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Against the backdrop of the late 90s political upheaval in Northern Ireland, a group of mischievous teenagers navigate the chaos of adolescence at their Catholic girls’ high school in this BAFTA-winning comedy series.
The most visible of the cast is actress Nicola Coughlan, who plays Claire, but is now better known as Lady Whistledown of Bridgerton. Taking home the 2023 BAFTA for Best Comedic Performance, Siobhán McSweeney plays Sister Michael, the eye-rolling headmistress. She’s since been on Murdoch Mysteries and Death in Paradise, among other shows.
Sometimes a show comes along and transports you to a certain time and place with such specificity it gives you a whole new understanding of what it was like to be there. Derry Girls is that kind of show. The place is the city of Derry in Northern Ireland, the time is the ’90s, the waning years of the violent political conflict quaintly referred to as “The Troubles.” Bill Clinton is on the TV, arriving to great fanfare and hope that he’ll bring peace to the land. But the history and headlines are merely a backdrop to the hijinks of a group of teenage girls (plus one boy) up against relatable high school problems: school, crushes, dating, friendships, and family quarrels.
They manage it all with a rebelliousness that seems to course through their Irish veins. After their parents put the kibosh on a trip to Belfast for a Take That concert (worried because a polar bear escaped from the zoo), they sneak out and go anyway, only to scare themselves with far bigger fare. After they accidentally set fire to their school during a religious retreat, they attempt to cover it up by blaming a statue of the Virgin Mary (she moved…as they do).
While truly an ensemble show, the series is built around aspiring writer Erin (Saoirse-Monica Jackson) and frequently features side storylines involving her immediate family and neighbors. The tight-knit group of friends that make up the show’s core include Erin’s oddball cousin Orla (Louisa Harland), overly cautious Clare (Coughlan), troublemaker Michelle (Jamie-Lee O’Donnell), and James (Dylan Llewellyn), Michelle’s English-raised cousin who has to attend their all-girls Catholic school to avoid potentially dangerous anti-English sentiments at the boy’s school. The situation is played for laughs but, like many of the humorous elements in the show, there’s a dark truth at the heart of it.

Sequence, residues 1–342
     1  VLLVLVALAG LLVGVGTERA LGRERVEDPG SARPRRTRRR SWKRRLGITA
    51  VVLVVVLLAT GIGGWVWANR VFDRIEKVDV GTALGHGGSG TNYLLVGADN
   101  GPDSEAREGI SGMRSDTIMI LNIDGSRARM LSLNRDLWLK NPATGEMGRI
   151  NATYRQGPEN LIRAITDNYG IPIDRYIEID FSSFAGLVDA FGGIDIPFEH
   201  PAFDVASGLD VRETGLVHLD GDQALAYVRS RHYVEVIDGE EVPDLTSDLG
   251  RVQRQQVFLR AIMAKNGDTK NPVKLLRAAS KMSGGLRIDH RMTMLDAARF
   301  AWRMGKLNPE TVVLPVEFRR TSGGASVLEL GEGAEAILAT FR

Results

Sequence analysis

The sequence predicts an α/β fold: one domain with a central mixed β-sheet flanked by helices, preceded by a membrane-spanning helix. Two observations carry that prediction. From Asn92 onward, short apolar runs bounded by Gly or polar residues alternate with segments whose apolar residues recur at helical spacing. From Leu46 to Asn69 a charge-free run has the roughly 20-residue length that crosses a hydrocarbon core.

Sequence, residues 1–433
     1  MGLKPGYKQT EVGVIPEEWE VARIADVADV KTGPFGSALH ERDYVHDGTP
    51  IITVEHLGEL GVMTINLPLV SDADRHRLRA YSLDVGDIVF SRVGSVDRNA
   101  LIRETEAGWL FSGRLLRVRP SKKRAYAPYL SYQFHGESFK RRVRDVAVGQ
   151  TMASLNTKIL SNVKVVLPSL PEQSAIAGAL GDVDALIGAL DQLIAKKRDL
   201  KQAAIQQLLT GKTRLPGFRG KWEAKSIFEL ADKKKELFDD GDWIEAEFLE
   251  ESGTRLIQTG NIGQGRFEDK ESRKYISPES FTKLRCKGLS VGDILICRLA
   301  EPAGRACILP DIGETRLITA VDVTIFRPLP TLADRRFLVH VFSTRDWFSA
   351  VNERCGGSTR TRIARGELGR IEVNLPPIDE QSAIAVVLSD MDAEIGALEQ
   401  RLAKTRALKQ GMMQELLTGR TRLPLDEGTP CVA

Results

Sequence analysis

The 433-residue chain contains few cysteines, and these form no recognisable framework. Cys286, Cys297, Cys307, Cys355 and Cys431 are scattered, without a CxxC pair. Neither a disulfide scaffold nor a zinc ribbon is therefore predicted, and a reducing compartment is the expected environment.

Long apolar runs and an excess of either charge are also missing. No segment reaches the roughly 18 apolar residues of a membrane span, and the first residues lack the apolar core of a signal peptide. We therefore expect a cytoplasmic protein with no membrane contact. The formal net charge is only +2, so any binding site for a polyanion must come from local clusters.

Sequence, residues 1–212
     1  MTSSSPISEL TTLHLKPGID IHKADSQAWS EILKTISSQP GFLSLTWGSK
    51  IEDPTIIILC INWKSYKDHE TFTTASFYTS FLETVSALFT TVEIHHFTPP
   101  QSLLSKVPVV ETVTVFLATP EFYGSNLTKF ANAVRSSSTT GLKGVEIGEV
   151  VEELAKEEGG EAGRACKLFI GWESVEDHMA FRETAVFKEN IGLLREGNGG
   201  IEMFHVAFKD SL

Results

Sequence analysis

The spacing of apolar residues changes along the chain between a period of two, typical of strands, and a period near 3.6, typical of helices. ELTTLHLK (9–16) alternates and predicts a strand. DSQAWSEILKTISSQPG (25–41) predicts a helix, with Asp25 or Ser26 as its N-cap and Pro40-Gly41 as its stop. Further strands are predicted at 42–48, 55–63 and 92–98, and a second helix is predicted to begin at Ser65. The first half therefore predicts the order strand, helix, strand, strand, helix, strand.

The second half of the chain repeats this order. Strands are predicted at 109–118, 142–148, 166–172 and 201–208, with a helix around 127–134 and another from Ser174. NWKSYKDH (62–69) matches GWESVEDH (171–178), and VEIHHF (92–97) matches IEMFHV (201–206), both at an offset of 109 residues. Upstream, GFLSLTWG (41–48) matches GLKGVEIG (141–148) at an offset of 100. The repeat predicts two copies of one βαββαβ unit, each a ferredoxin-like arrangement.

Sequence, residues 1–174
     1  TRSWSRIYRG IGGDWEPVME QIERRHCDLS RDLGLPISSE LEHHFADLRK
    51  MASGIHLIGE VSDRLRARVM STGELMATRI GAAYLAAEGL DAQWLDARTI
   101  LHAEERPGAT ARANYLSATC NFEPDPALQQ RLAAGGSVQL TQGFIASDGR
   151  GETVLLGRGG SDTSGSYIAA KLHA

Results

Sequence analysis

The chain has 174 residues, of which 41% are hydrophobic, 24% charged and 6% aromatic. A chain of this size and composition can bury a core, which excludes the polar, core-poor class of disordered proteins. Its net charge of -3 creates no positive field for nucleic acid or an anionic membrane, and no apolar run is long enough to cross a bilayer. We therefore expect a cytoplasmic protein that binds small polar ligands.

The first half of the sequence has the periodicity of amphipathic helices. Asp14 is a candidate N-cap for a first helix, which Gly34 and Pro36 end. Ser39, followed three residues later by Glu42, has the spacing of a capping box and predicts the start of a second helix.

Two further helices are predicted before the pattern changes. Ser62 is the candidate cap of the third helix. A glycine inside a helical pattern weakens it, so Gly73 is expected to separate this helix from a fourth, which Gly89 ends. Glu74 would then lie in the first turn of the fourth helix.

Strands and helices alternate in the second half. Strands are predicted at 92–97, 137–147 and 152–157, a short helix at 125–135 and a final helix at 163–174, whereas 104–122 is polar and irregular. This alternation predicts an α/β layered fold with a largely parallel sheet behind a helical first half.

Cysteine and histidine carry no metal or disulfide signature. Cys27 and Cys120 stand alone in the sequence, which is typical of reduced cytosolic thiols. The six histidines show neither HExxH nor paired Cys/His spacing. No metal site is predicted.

The show’s creator Lisa McGee, a native of Northern Ireland herself, weaves in her own personal experiences growing up Irish and Catholic during that time—so it’s no wonder the show’s depiction of ordinary life carrying on under extraordinary circumstances feels so authentic.
Brace yourself for broad humor and wickedly profane and colorful insults, and Irish slang that will make you want to add the English subtitles. It’s all balanced with a warmth and nostalgia captured perfectly by the forgotten 90s soundtrack.
Like the community and era they represent, the Derry Girls bring a feisty resilience and wit to their teenage troubles, and in spite of the larger Troubles surrounding them, they’re unafraid to speak their minds and stand up for themselves.
Your best school mates, past or present. The comedy ranges from sharp sarcasm to the profane to broad physical gags, so there’s sure to be something here to make anyone laugh.
After Derry Girls took home the 2023 British BAFTA TV trophy for Best Scripted Comedy Programme and Best Comedic Performance, actress gave a rapid fire speech: “So I’ve been warned not to do a political statement, so as my mother laid dying in Cork, one of the very last things she said to me was would I not consider retraining as a teacher. If she could see me now, getting a Bafta for playing a teacher. Joke’s on you.”
Where to find it: Netflix